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Atiyah Patodi and Singer [Spectral asymmetry and Riemannian geometry III] write that if $E$ is a complex flat bundle (non holomorphic, just smooth and complex) on a compact manifold $X$ (more generally a CW-complex) there must be some positive integer $m$ such that the direct sum $E\oplus E\oplus\cdots\oplus E$ ($m$ times) is a trivial bundle. More precisely, they write on top of page 19, "The vector bundle $V_a$ defined by $a$ is flat so its real Chern classes vanish, hence some multiple $kV_a$ is (unitarily) trivial".

Of course since the Chern character is an isomorphism from $K^\bullet(X)\otimes \mathbb{Q}$ to $H^{2\bullet}(X;\mathbb{Q})$, we know the bundle $E$ (or, more precely its K-theory class) is torsion in topological K-theory but this only tells us that $E\oplus E\oplus\cdots\oplus E$ is stably trivial.

I checked an impressive amount of literature on characteristic classes without finding a clue. Several authors cite directly Atiyah who, however, does not prove the claim.

Other authors say that the above statement cannot be true.

Does someone know the answer ?

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Which authors say that this statement is not true? –  Johannes Ebert Feb 23 '12 at 9:04
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As you already said, if $E$ is flat of rank $r$, then $ch(E)=0$, meaning that the class $[E] \in K^0 (X)$ is torsion and therefore $m[E]=0 \in K^0(X)$ for some $m$. Pick $m$ such that $mr >> dim X$.

Now the stabilization map $BU(n) \to BU$ is roughly $2n$-connected. This means that if $V \to X$ a vector bundle of sufficiently high rank then $V$ is trivial iff it is stably trivial. Apply this observation to $E^{ \oplus m}$. Done.

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Sure the stable rank Theorem. Thank you. –  Paolo Antonini Feb 23 '12 at 9:17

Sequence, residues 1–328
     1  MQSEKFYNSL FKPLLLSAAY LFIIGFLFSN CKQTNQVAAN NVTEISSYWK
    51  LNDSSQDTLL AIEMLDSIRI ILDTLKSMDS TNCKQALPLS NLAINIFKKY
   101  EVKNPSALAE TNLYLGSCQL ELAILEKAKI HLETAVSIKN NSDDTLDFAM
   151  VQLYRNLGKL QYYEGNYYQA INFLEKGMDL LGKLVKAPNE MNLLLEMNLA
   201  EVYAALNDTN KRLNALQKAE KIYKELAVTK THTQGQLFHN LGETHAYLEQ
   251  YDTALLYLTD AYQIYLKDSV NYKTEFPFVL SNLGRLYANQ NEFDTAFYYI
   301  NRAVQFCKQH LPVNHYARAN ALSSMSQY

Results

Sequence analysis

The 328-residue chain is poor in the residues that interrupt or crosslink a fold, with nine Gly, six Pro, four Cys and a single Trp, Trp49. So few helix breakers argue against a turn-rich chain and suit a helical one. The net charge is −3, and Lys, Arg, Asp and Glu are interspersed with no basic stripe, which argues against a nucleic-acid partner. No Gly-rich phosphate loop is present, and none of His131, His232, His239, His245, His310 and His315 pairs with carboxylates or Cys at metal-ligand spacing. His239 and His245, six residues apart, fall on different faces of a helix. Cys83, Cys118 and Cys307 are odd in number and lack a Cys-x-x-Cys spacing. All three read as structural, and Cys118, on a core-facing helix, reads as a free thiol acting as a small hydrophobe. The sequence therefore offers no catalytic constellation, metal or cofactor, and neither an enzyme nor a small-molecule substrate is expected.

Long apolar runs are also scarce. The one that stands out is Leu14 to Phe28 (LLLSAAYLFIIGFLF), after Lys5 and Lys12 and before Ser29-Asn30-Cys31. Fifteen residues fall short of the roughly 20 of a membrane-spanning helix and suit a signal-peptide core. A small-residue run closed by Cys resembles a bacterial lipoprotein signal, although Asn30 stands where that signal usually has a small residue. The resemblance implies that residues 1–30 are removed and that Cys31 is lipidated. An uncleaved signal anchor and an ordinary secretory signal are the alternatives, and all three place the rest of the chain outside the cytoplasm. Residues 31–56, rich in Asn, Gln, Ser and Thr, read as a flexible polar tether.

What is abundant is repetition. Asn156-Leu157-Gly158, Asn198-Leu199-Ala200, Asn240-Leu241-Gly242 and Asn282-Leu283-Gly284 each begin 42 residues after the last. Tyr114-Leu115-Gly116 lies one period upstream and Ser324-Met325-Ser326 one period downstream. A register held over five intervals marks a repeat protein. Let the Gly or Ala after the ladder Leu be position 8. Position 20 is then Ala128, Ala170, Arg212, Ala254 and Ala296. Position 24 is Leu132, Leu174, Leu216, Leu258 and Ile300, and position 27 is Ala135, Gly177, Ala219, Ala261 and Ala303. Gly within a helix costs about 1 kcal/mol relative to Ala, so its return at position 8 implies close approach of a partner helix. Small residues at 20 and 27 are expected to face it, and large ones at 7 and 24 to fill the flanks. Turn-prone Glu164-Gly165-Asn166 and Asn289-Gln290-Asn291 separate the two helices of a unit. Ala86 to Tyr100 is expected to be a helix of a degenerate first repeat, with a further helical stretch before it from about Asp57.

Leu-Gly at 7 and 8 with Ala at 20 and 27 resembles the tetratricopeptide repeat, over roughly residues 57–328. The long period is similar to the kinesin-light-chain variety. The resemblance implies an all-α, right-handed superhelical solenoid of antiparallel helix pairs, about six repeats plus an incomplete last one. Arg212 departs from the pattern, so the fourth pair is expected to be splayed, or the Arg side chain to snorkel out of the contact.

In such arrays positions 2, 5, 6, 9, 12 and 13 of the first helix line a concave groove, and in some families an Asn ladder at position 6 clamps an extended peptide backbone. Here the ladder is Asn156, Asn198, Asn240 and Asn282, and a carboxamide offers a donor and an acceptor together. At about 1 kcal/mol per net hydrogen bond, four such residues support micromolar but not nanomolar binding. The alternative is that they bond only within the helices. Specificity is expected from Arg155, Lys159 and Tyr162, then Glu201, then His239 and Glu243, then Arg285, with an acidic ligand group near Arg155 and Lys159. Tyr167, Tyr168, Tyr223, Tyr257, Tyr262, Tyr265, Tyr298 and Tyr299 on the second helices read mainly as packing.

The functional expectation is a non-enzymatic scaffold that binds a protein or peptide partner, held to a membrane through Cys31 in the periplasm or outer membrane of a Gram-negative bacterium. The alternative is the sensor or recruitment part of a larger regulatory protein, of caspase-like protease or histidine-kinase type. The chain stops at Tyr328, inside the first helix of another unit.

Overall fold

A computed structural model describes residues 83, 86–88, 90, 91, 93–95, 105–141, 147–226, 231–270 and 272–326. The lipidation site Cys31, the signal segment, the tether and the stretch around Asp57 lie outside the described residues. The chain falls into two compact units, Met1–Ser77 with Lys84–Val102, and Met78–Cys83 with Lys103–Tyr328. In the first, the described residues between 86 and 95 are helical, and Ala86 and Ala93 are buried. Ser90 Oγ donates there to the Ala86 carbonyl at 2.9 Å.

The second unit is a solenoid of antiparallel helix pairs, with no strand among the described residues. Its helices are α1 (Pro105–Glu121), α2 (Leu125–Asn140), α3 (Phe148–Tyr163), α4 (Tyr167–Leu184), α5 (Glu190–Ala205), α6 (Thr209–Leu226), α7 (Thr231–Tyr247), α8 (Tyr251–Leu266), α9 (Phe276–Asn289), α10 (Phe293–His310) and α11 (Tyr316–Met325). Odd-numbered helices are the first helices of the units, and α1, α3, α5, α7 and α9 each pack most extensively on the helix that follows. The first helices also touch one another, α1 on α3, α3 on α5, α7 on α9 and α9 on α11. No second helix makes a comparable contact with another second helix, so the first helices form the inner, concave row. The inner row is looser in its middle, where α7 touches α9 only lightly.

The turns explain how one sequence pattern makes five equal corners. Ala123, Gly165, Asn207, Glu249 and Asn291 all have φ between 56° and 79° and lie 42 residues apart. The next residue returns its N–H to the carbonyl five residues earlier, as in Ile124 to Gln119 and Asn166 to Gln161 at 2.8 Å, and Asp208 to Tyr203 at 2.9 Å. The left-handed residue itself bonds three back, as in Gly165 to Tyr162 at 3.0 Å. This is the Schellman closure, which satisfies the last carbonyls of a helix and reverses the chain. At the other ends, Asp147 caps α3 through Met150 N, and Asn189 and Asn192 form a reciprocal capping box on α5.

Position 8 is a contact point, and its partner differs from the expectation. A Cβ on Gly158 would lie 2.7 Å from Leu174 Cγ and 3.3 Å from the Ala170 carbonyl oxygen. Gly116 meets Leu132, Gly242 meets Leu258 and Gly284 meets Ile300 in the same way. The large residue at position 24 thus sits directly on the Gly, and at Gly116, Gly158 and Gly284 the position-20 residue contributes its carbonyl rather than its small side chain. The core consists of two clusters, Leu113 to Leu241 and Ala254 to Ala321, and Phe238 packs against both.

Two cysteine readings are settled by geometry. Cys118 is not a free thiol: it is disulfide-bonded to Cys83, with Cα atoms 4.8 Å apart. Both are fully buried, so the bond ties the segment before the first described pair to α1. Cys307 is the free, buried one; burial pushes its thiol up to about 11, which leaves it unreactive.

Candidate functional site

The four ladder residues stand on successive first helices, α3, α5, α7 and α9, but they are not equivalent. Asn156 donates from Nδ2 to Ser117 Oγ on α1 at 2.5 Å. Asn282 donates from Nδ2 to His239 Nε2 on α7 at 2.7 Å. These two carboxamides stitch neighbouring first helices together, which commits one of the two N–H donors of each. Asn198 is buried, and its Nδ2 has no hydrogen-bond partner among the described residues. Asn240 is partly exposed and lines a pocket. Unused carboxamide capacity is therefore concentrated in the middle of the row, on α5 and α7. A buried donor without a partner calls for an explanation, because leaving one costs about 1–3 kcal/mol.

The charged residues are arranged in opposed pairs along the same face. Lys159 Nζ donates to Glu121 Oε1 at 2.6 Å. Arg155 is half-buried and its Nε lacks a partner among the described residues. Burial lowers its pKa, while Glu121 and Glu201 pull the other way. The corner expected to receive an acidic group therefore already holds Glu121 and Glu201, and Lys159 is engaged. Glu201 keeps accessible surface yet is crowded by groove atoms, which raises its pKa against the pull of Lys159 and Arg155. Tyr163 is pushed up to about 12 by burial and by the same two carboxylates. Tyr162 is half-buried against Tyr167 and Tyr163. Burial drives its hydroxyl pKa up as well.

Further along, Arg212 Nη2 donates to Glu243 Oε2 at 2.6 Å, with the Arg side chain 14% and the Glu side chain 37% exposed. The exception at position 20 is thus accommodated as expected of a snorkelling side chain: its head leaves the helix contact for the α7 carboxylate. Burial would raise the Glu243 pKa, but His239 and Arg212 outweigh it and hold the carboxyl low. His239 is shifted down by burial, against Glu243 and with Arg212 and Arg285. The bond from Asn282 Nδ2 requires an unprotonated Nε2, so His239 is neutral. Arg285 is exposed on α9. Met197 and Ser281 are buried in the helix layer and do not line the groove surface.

Is there any down-to-earth proof of this fact? It is so innocent-sounding... –  diverietti Mar 9 '12 at 16:51
    
That $BU(n) \to BU$ is highly connected follows from the long exact homotopy sequence of $S^{2n-1} \to BU(n-1) \to BU(n)$. The stable cancellation follows by obstruction theory. Alternatively, if you are talking about smooth vector bundles on smooth manifolds, you can use general position arguments, like the following. If $M^m$ is a manifold, $V$ and $W$ vector bundles on $M$ of rank $r$ and $s$. If $s$ is sufficiently large w.r.t. $m$ and $r$, then any bundle map $f:V \to W$ in general position is injective (use transversality). Now if $V^r \oplus R^i \cong R^{r+i}$, you have ... –  Johannes Ebert Mar 9 '12 at 18:58
    
two bundle monomorphisms $R^i\to R^{r+i}$, one with $V$ as complement, the other one with trivial complement. Taking any homotopy between them and put it into general position. Hence the two bundle mono's are isotopic; hence their complements, i.e. $V$ and $R^r$ are isomorphic. When done carefully, this argument gives the same bound on the dimensions as the obstruction theory argument. –  Johannes Ebert Mar 9 '12 at 19:00
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